Renewable Energy Mini-Grids

Over the past year, SERC has been collaborating on the Renewable Energy Mini-Grids for Improved Energy Access project with researchers from Lawrence Berkeley National Laboratory (LBNL), Energy and Resources Group (ERG) at University of California at Berkeley, Prayas Energy Group and Palang Thai. These efforts are in support of the Global Lighting and Energy Access Partnership (Global LEAP) initiative associated with the Clean Energy Ministerial.

Renewable energy-based mini-grids offer a significant opportunity to increase access to reliable electricity services for rural populations throughout the developing world. A mini-grid is a village-scale electrical distribution system served by an isolated generator of up to a few hundred kW in capacity. Power on these grids is often provided by diesel generators, but can be supplied by local, renewable resources such as microhydro, solar, biomass or wind. Mini-grids offer an intermediate solution between stand-alone individual home power systems and main grid connection, and often prove to be more cost-effective and beneficial to the community than either of those alternatives.

Our team recently produced three documents to help inform delegates participating in the Mini-Grid Development roundtable discussion at the fourth Clean Energy Ministerial (CEM4) in New Delhi in April. CEM4 brought together energy ministers from 23 of the world’s leading economies, along with business leaders, NGOs and academia to discuss policies, technologies, investment, and skills needed to achieve the CEM’s goal of “accelerating the transition to a global clean energy economy.” Our team’s contributions included:

A biomass mini-grid in India.

A biomass mini-grid in India.

 

SolarMiniGridJP

A solar mini-grid in India.

  • Sustainable Development of Renewable Energy Mini-Grids for Energy Access: A Framework for Policy Design, which provides a review and critique of mini-grid policies from several countries and offers recommendations for national policy design to support the development of mini-grids.
  • A Guidebook on Grid Interconnection and Islanded Operation of Mini-Grid Power Systems Up to 200 kW, which is intended to help meet the widespread need for guidance, standards, and procedures for interconnecting mini-grids with the central electric grid as rural electrification advances in developing countries.
  • Review of Strategies and Technologies for Demand-Side Management on Isolated Mini-Grids, which discusses different measures available to help with load management on isolated mini-grids.

These documents are available on the SERC website at www.schatzlab.org/projects/developingworld/minigrids.html.

SERC Develops Mini-grid Interconnection Guidebook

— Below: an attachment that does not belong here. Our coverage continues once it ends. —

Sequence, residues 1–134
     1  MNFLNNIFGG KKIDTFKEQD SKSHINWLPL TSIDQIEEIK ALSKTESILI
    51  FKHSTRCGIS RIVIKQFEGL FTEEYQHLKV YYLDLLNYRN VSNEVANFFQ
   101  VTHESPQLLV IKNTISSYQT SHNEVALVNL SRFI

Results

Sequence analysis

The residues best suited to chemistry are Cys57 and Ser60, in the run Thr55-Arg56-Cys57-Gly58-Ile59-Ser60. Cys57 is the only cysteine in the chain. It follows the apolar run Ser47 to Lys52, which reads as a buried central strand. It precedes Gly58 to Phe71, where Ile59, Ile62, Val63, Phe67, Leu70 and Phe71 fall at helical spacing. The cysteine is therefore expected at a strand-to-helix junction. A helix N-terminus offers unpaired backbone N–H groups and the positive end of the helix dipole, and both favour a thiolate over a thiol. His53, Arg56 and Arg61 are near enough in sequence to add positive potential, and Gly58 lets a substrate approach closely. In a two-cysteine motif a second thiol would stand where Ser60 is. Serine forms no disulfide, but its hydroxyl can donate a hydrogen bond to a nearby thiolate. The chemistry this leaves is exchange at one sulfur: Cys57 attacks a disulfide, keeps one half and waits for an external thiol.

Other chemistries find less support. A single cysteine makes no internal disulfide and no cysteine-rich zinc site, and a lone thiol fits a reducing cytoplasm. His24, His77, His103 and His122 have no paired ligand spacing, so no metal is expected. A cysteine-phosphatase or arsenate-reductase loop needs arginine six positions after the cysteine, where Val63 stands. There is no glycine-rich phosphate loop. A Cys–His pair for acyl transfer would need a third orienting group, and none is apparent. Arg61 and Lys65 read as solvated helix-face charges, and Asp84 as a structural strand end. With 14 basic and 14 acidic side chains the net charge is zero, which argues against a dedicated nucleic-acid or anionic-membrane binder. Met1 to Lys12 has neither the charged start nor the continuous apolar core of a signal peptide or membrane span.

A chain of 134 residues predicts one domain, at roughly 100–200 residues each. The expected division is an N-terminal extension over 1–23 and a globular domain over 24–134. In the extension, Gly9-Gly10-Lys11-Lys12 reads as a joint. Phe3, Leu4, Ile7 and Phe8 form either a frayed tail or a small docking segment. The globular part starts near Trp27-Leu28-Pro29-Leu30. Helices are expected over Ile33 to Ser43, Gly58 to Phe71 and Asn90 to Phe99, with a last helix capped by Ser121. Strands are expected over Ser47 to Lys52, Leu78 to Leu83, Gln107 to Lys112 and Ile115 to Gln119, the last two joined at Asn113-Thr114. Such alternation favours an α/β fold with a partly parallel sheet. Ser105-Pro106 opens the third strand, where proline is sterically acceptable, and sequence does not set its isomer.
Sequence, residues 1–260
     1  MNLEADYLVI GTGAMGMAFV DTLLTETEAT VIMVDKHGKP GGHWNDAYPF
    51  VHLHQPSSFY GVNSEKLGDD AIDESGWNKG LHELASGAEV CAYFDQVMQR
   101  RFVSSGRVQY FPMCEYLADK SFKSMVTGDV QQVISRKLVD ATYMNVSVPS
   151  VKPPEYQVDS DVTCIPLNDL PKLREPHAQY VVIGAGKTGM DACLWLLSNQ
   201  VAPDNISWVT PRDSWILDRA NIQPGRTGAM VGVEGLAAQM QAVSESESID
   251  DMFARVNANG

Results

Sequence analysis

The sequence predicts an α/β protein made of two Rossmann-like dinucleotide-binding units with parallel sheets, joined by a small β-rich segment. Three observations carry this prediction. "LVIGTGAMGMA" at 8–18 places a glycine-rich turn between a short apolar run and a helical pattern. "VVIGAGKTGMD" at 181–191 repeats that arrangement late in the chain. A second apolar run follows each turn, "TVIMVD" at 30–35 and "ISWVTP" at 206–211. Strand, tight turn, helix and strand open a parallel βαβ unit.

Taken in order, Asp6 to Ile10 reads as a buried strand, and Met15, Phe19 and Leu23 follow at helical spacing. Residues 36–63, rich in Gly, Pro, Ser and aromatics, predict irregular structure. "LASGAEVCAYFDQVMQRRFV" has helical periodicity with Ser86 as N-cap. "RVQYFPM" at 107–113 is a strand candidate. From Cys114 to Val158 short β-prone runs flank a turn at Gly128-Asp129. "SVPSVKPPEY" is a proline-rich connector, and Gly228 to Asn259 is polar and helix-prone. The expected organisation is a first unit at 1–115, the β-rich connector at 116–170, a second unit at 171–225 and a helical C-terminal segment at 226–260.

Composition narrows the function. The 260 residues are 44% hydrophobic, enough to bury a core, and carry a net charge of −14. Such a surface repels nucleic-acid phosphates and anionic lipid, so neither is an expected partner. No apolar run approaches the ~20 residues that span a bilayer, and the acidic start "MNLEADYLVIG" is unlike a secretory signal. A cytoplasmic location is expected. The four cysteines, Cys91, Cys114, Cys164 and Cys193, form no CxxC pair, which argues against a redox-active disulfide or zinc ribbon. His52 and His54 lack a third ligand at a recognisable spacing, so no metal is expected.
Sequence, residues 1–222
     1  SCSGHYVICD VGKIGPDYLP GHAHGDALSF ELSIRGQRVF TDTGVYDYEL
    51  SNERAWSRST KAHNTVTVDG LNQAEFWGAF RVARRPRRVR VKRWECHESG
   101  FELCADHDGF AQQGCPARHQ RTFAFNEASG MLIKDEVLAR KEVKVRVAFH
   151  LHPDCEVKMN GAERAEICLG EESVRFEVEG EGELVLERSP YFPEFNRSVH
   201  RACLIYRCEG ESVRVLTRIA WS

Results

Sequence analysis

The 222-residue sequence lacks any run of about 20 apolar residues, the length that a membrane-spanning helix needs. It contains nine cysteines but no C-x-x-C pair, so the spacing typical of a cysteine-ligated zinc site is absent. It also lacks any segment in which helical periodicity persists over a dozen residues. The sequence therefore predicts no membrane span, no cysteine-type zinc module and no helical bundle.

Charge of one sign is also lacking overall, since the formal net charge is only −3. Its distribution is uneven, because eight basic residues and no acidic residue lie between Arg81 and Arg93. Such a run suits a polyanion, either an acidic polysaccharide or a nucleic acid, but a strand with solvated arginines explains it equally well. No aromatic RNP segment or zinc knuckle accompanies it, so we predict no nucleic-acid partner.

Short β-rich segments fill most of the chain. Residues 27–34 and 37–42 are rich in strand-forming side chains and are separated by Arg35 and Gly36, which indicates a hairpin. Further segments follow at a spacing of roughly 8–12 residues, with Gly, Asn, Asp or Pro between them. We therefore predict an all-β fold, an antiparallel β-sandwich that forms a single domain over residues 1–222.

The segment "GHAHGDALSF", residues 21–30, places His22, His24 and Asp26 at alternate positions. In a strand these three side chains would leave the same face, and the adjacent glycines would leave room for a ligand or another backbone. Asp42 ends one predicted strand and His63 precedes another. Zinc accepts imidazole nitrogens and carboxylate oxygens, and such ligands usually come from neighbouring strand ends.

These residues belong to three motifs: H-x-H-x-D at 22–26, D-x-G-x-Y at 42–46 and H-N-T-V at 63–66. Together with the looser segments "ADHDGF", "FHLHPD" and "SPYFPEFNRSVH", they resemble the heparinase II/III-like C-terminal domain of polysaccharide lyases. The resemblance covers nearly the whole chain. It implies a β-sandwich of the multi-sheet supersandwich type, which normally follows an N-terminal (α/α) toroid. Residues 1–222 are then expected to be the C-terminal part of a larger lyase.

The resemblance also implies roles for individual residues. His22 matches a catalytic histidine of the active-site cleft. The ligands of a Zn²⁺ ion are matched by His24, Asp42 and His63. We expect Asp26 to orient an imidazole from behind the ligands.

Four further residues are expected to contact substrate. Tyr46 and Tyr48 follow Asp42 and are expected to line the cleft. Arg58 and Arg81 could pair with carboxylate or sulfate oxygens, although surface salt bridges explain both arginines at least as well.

SERC is collaborating with Chris Greacen of Palang Thai to develop a guidebook on the interconnection of mini-grids to national or regional electrical grids. Titled A Guidebook on Grid Interconnection and Islanded Operation of Mini-Grid Power Systems Up to 200 kW, the document addresses both technical and policy aspects of interconnection and is intended for energy policymakers, mini-grid operators, utility administrators and engineers, and community leaders. Worldwide, more than 50 million households get their electricity from renewable energy mini-grids powered by small hydroelectric generators, wind turbines, or solar photovoltaic arrays. These systems provide clean, reliable electricity to rural locations not yet served by national or regional electric grids. They may be developed by traditional utilities or, more commonly, by private-sector developers.

When a national grid reaches areas previously served by isolated mini-grids, operators are faced with several challenges. Will customers served by the mini-grid be connected to the main grid? If so, what happens to the mini-grid’s generator, power lines, and other equipment? Will these assets be abandoned, or will the generator become another power plant selling electricity to the grid? If the mini-grid system remains independent from the grid, how can the operator keep electricity prices competitive?

If there is no policy in place to address these issues, mini-grid developers may be reluctant to invest in new projects and may use substandard wiring and undersized equipment to reduce costs, knowing that their investment could be made worthless at any time if the national grid arrives. These problems plagued mini-grid systems in Cambodia until the government developed a policy to allow mini-grid operators to become small power distributors (SPDs) and resell electricity from the grid. Since these regulations were instituted, over 100 isolated mini-grids have been converted to SPDs. Other developing countries with interconnection policies include Thailand and Tanzania.

Renewable energy mini-grids, like this micro-hydroelectric system in Rukubji, Bhutan, provide electricity for millions of households worldwide.

Renewable energy mini-grids, like this micro-hydroelectric system in Rukubji, Bhutan, provide electricity for millions of households worldwide.

The interconnection guide discusses technical topics, including voltage and frequency control methods and protective relays, as well as mini-grid policies from developed and developing countries around the world. A draft version of the guidebook is currently being reviewed by outside experts, and final publication is tentatively slated for early February 2013. The guidebook is being developed for Lawrence Berkeley National Laboratories under the auspices of the US Department of Energy’s Global Lighting and Energy Access Partnership (Global LEAP). This program is associated with the Clean Energy Ministerial, a global forum promoting clean energy policies and programs.